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Austin transit workers settle for mixed deal

By Mike Corwin and Dana Cloud | February 10, 2006 | Page 11

AUSTIN, Texas--After a prolonged campaign and the threat of a strike, city bus drivers, mechanics and maintenance workers here voted overwhelmingly to accept a new contract. The workers, members of Amalgamated Transit Union Local 1091, had been without a contract since April 2005.

From the beginning of negotiations last year, it was clear that Capital Metro, Austin's transit authority, and private management company StarTran had little interest in bargaining fairly, hiring a high-priced union-busting lawyer and insisting on a two-tier wage scale.

The union took the unprecedented step of staging a one-day strike last September. A subsequent strike authorization vote passed 289-24.

At the beginning of 2006, Capitol Metro unilaterally imposed a new wage scale, knocking down starting pay by $2. The union leadership called for a January 30 strike deadline. The day before the deadline, negotiations broke down and it was announced that a strike was to commence.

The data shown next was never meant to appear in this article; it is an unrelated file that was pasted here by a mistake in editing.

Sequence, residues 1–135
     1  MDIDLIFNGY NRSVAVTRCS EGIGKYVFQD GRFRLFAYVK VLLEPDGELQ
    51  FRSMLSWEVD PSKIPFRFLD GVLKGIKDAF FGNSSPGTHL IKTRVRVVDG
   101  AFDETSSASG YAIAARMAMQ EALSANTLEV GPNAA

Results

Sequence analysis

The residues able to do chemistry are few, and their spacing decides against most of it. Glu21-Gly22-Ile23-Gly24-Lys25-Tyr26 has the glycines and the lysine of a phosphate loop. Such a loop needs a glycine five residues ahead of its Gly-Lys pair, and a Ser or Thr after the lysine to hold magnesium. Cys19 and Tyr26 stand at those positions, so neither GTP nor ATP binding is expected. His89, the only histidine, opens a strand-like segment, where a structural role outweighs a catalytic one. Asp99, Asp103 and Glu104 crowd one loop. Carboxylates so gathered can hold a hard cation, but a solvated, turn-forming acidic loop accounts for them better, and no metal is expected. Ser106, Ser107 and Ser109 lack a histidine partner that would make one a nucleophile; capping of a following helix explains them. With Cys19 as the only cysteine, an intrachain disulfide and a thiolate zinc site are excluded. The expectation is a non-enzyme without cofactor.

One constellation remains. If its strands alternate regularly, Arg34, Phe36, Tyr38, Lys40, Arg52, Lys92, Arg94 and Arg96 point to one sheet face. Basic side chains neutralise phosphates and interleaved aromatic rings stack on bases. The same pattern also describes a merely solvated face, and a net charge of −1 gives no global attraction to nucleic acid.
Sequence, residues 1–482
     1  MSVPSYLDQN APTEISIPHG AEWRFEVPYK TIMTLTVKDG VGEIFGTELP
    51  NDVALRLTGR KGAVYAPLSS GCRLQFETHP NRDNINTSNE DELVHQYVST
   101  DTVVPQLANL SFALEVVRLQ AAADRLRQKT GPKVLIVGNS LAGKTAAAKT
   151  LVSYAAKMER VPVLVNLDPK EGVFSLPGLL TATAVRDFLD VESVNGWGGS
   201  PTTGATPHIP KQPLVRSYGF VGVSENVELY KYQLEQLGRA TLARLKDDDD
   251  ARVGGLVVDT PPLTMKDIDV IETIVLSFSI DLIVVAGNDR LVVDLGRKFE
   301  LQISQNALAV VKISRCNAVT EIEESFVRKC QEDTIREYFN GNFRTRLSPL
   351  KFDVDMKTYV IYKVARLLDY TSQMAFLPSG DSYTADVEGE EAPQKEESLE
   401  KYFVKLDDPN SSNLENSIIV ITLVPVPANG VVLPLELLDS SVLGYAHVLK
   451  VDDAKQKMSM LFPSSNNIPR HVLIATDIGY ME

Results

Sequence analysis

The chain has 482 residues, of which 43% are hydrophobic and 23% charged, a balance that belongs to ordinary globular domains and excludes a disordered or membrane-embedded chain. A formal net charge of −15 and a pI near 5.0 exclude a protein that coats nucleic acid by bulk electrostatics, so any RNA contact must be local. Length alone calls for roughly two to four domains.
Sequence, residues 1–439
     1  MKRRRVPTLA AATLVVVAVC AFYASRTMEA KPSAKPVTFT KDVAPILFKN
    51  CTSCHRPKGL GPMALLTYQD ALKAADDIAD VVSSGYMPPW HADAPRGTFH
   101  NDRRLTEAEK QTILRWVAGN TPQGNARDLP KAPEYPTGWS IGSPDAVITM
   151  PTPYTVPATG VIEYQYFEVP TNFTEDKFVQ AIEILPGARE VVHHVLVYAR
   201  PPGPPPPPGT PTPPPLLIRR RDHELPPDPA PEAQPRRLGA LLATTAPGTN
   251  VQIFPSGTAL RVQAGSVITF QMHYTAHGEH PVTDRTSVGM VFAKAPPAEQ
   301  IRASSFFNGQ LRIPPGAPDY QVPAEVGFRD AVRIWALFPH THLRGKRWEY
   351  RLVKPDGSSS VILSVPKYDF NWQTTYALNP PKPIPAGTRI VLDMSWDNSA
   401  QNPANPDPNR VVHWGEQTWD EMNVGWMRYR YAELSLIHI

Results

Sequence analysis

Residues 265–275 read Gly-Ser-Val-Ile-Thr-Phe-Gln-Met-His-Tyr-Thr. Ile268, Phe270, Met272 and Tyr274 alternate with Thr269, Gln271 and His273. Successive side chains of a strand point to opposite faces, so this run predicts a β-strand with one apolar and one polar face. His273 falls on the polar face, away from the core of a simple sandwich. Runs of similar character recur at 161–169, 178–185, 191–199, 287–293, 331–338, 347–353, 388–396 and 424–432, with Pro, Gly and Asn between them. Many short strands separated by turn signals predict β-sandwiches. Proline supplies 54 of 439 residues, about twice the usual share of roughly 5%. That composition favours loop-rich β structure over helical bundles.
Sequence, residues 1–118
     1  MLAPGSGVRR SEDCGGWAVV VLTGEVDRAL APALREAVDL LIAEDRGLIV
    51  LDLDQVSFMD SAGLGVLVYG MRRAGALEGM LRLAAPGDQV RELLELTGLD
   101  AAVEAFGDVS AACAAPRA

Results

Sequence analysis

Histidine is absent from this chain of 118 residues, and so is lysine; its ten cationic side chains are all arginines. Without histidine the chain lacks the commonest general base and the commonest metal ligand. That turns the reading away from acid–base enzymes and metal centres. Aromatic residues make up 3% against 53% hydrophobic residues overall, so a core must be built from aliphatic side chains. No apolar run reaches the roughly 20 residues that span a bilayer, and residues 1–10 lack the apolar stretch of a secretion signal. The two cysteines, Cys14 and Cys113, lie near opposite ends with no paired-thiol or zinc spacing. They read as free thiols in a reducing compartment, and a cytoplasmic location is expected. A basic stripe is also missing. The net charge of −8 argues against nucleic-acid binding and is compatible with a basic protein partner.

However, at the last second union, president Jay Wyatt contacted the mayor and requested that he mediate one final round of negotiations. At 3 a.m. the next morning, it was announced that a deal had been reached and the strike averted.

The contract, which was approved by union members 194-3, contains a number of concessions to management, including a $5 increase in co-pays for doctor visits and prescription drugs. While the two-tier wage scale was scrapped, starting pay was reduced by more than $2 to $11.47 an hour, with a longer period of time to reach the top rate of pay.

The union did win 3 percent pay raises in each year of the contract, retroactive to end of the last contract. Management also agreed to resume the automatic deduction of union dues from members' paychecks, which it canceled after the one-day strike.

Last fall's one-day strike and the threat of a prolonged strike electrified the community and put class issues right into the center of Austin public consciousness. The two-year agreement expires in June 2007, which means that negotiations for the next contract will be starting up again soon, with management sure to press for more takeaways. But the memory of this fight will carry into that campaign.

Travis Cornelius, a Capital Metro bus driver, told Socialist Worker, "They thought they could break our union--and that's what it really was about; it was about union busting. They didn't intimidate us. They didn't bust our union. And we are going to be even stronger. They didn't bust our union, didn't break our spirit, and that's a big deal."

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